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All posts tagged "internet"

  • What more can be done to deliver fibre connectivity across South Africa?

    It seems like we hear news of fibre developments every other week, as the likes of MTN, Vodacom, Vumatel and Telkom announce suburbs and projects. There's no denying that many projects take place in affluent suburbs, but even living in a well-off suburb isn't a guarantee of fibre-to-the-home (FTTH) connectivity. What can be done to ensure that fibre connectivity reaches more areas though? We interviewed Dominic Cull, regulatory advisor for the Internet Service Providers' Association (ISPA), and asked for his thoughts on the matter. This is why fibre isn't available in more suburbs First of all, Cull outlined a host of reasons for fibre connectivity not being available...

  • Get free WiFi access in South Africa by viewing ads first

    WiFi hotspots might be everywhere in South Africa, but actually accessing them is another story entirely. Aside from initiatives like Project Isizwe and the Western Cape Free WiFi Project, hotspot access is generally expensive or requires you to be a customer on a partner network. Now, a new project, dubbed view4mahala, claims to deliver "ad-funded free WiFi" access to South Africans. How does it work? Users are able to browse the internet via these hotspots, but are subjected to ads between page views and upon logging on to the hotspot, view4mahala operations director Sagie Naidu said. "Two full-screen ads come up upon login and lasts between two and...

  • First Vumatel fibre home goes live in Cape Town

    Fibre provider Vumatel has been on a roll in recent months, as it teamed up with Telkom and Standard Bank threw its weight behind the company. Now, the company has marked another milestone with its first home fibre connection in Cape Town going live, being situated in the Tamboerskloof area. "TBK Watch is very excited to be Vumatel's first community to get connected in Cape Town. We have been working together with Vumatel for the past six months to plan and get the community ready for the rollout, and now we are live. The rest of the community can't wait to get connected," said the TBK Watch group,...

  • WhatsApp ‘back up’ in Zimbabwe, regulator issues state warning [update]

    Update #1, Wed 7 July, 8.20pm: According to a report citing the Posts and Telecommunications Regulatory Authority of Zimbabwe, Zimbabweans who share and spread information about the country's protests will be disconnected from the country's mobile networks. "All SIM cards in Zimbabwe are registered in the name of the user. Perpetrators can easily be identified," the body announced late Wednesday following WhatsApp's four-hour outage. "Any person caught in possession of, generating, sharing or passing on abusive, threatening, subversive or offensive telecommunication messages, including WhatsApp or any other social media messages." Read the full report over on Fin24. Original article: Social networking services WhatsApp...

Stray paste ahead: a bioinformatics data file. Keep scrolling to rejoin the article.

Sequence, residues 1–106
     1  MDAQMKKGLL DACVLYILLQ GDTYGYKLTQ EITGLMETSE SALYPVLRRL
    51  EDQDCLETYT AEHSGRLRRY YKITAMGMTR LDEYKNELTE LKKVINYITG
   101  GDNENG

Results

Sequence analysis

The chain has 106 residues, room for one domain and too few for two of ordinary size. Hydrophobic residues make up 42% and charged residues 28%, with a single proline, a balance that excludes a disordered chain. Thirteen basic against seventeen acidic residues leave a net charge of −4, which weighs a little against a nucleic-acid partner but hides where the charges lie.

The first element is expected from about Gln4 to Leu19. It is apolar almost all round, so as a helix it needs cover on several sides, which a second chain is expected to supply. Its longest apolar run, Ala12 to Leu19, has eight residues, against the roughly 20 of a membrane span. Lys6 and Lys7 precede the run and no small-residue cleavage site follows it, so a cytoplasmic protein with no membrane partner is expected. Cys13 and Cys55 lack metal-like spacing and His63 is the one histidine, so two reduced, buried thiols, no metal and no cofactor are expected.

• Telkom teams up with Vumatel to expand fibre footprint

    In areas where Telkom connectivity is lacking, Vumatel has often stepped in to deliver the goods. Now, the fixed-line incumbent has announced a rather surprising partnership with the upstart service provider. Telkom's Openserve has announced that it would be "leveraging" Vumatel's open-access fibre network to launch products in over 20 new suburbs in Gauteng. Vumatel has made a name for itself by launching so-called fibrehoods, offering connectivity in selected suburbs across Johannesburg and Cape Town. "The fibre industry is highly competitive and we have seen an accelerated rollout of fibre networks across the country. While Openserve holds the lion share of the national fibre footprint --...

  • 5 constructive ways to waste time on the internet

    If I could quantify the hours I've spent browsing superfluous websites on the internet, I'd be father time. But I'm not. All I know is that the internet's a wormhole of information, that may or may not be relevant at the time, but definitely makes for some great conversation starters. And that's exactly why it's advantageous. If you have a spare moment trapped in a boredom bubble -- perhaps Monday is going to the dogs, or you're two hours out from the Friday bell -- the internet can help you out by teaching you a thing or two. With that said, here...

  • Vox Telecom continues ADSL power play with cap increases

    Vox Telecom made tech headlines in South Africa last year with its capped ADSL promotions. The ISP delivered several affordable capped "Fat Pipe" offerings at the time, including 100GB of data for just R164 a month (which has since been bumped to 150GB). Now, in the wake of Telkom's IP Connect discount to service providers (which takes effect as of today), Vox has revealed larger caps for its Fat Pipe packages. So what can you expect for your cash then? The entry-level 75GB/R189 a month option has been bumped up to 100GB, the 100GB/R249 a month option is increased to 150GB, while the top-end 1TB/R1899 a month...

  • Vumatel gets big backing, to spend R3bn on home fibre